Thursday, November 12, 2009

Highlevel Availability -- continue

Taking precautions against unplanned downtime

Although one cannot prevent failures, one can take all reasonable precautions. The most obvious and most important precaution to take is to put in place a well-designed and implemented backup regime, taking into account the special requirements of the application. This is a subject beyond the scope of this article but, nonetheless, it is worth emphasizing its importance. Also…

Process failure precautions

• Control access to the server and server room
• Ensure that all of your team clearly understand their roles and responsibilities.
• Implement change controls to ensure that all software and hardware changes to a production server are documented. Because Change control systems require the signoff by several team specialists it allows them to check for potential problem .
• Document and map all of your SQL Server instances, being particularly careful to record application relationships such as replication or log-shipping, data-feeds, message routes, links, remoting, and file transfer routes.
• Make sure your Test servers are identical in configuration to your Production servers.
• Before applying patches, hot fixes, and service packs, test them first on a Test Server.

Change failure precautions

• Document all proposed changes
• List the expected impact on the production system
• Gain consensus and sign off for the changes, as appropriate.
• Test the effect of the changes in terms of functionality and Stress/Load.
• Document the roll back/reversion plan and test it out on those who are likely to be 'early responders' to a system failure.
Natural, and man-made, disaster precautions
• Arrange for the service to be mirrored, or held at 'Warm stand-by', a long way away. Test out the ability to switch the service remotely. SAN replication is a popular solution, but mirroring is very effective

Hardware failure precautions

• Simulate failure in all likely places to check that secondary hardware 'kicks-in' as expected.
• Make sure there is an architecture diagram, and clear instructions for all hardware recovery routines, which are easily understandable to the 'first responder'.
• Provide generous battery-backup.
• Use redundant power supplies
• Use hardware and software monitoring tools: hardware often gives out warning signs before 'letting go'.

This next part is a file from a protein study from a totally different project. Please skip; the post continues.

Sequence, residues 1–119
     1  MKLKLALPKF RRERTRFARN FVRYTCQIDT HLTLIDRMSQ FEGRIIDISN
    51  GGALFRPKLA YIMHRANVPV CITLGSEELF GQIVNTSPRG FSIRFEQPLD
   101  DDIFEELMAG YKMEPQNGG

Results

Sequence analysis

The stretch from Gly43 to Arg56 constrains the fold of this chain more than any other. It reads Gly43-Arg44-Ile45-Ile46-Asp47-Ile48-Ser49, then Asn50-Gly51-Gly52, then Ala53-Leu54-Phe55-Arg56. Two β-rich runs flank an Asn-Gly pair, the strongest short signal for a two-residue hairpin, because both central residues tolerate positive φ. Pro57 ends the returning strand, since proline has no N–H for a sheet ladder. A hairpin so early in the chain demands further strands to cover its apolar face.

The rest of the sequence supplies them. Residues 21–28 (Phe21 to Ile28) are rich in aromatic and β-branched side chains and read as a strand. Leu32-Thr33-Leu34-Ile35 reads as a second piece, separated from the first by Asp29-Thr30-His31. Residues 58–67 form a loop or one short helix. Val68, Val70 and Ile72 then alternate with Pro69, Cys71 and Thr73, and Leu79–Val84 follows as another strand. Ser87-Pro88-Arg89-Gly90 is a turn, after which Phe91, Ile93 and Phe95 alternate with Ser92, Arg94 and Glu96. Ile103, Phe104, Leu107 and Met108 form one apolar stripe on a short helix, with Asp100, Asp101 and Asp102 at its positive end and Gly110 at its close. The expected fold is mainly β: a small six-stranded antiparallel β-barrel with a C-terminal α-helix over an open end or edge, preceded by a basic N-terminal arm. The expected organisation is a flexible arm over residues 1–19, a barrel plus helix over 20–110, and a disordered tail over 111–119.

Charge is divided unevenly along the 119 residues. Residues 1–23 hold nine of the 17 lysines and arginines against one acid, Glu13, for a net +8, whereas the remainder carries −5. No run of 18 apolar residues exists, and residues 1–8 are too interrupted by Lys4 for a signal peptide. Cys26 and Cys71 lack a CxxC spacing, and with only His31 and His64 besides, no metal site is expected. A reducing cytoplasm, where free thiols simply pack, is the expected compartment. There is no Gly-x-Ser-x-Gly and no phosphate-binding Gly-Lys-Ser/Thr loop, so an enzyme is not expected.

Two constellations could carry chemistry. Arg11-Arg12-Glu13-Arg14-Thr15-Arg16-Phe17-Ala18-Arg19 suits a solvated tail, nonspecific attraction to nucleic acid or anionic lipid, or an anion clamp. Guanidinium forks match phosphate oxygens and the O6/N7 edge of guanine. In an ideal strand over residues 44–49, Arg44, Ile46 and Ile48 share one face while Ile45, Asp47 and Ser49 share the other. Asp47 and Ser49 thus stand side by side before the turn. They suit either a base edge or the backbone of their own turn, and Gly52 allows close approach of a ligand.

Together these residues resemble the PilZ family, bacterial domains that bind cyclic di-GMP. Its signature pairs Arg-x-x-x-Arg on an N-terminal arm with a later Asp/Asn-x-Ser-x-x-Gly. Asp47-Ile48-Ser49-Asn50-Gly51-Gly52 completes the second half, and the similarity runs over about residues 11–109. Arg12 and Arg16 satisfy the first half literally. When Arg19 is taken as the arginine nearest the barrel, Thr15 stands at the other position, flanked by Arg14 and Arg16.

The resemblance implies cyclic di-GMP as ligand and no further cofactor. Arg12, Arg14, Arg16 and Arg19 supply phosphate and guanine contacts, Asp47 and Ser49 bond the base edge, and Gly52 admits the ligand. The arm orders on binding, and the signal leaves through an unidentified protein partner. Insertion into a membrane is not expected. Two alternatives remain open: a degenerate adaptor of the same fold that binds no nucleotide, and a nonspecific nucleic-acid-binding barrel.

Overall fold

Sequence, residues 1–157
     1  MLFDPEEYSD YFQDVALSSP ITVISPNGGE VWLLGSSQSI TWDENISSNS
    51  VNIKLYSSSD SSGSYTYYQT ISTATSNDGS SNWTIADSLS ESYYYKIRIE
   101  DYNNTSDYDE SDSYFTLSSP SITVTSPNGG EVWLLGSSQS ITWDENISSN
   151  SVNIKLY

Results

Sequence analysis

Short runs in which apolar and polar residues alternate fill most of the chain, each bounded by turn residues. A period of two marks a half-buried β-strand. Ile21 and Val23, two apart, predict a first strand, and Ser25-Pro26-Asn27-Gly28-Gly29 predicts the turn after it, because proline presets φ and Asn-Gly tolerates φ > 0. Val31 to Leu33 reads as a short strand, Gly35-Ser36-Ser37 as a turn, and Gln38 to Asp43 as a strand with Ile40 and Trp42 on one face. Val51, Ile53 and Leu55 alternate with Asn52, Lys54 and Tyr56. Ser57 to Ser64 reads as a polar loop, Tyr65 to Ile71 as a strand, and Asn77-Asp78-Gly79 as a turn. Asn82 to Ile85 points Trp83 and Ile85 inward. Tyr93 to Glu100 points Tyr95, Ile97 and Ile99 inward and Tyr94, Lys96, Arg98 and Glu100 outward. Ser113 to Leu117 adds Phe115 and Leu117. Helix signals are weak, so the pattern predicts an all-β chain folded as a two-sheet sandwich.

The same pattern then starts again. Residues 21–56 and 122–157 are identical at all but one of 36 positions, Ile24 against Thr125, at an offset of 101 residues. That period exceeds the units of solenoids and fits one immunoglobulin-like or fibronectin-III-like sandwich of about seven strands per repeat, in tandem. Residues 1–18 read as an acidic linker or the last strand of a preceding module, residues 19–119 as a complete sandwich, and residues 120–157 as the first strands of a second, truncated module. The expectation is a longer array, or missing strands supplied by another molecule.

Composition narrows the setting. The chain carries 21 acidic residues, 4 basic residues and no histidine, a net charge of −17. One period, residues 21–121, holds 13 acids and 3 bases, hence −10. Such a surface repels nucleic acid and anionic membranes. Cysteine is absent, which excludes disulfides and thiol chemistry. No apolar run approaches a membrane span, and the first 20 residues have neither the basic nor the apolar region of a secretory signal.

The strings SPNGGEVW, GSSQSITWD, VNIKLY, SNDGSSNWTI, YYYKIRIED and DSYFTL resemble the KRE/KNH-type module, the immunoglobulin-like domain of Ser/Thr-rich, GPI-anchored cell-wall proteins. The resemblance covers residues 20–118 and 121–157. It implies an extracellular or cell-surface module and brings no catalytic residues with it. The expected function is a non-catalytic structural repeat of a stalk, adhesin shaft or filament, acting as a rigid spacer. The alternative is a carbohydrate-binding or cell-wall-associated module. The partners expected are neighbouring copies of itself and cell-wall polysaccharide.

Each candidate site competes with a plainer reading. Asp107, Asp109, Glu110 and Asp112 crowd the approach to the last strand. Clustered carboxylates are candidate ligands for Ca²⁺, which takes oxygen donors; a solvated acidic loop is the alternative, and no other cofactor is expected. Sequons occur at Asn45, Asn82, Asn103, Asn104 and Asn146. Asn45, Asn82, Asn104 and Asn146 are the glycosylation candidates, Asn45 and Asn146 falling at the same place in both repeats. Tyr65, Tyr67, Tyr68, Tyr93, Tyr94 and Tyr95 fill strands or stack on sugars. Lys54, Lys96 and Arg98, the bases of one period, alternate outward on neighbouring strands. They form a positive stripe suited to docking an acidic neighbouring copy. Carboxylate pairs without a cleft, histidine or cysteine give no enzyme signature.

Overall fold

• Use a RAIDed array or SAN for storing your data, with hot-swappable drives with available spares. A 'Stripe of Mirrors' (Raid 10) is probably best practice.
• Install redundancy in storage controllers.
• Place the databases of your server on a different raid array to the transaction log. Locate TempDB on a high performance RAID array. SQL Server cannot function without it.
• Provide both Network card and router redundancy
• Ensure at least 'Warm Standby' fall back servers by using clustering, database mirroring, synchronization or log shipping.

Software Failure precautions

• Software failure can happen due to software changes, but also when data changes. Even date changes can cause failure. 'Code Rot' is the common term for software system failure when no recent software changes have been made.
• Use Change and source control (see change failure above)
• Before rolling out a production release, do strict 'limit' testing (testing under the extremes of data or throughput, and with hardware components randomly unplugged to assess whether software degradation is 'graceful' or not)
• Perform Regular regression testing on the test server with different simulated loads
• Avoid overlapping jobs in the SQL Server Agent; do routine DBCC checks and re-indexes of tables at off-peak times.

Network Failure precautions

TCP/IP is designed fundamentally as a resilient system in the event of disaster, but this relies on the network infrastructure being able to route network packets via alternative pathways in the event of the failure of a pathway.

• Secondary DNS/WINS servers must be provided.
• The system must not be reliant on a single domain server or active directory.
• There should be Redundant routers/switches
• Redundant WAN/Internet connections are generally important.
• Ensure that there is no single point of failure in the network by regular 'limit-testing'

Security Failure precautions

• Ensure the physical security of each SQL Server.
• Create alerts and reports for any unusual patterns of user activity on the server, and investigate them (SQL Data Compare is very handy for this)
• Give users the fewest permissions they need to perform their job.
• Audit all login and logout events
• Use DDL triggers to log and notify all changes to the security configuration of the server.
• Adopt all current security best-practices when implementing the Server
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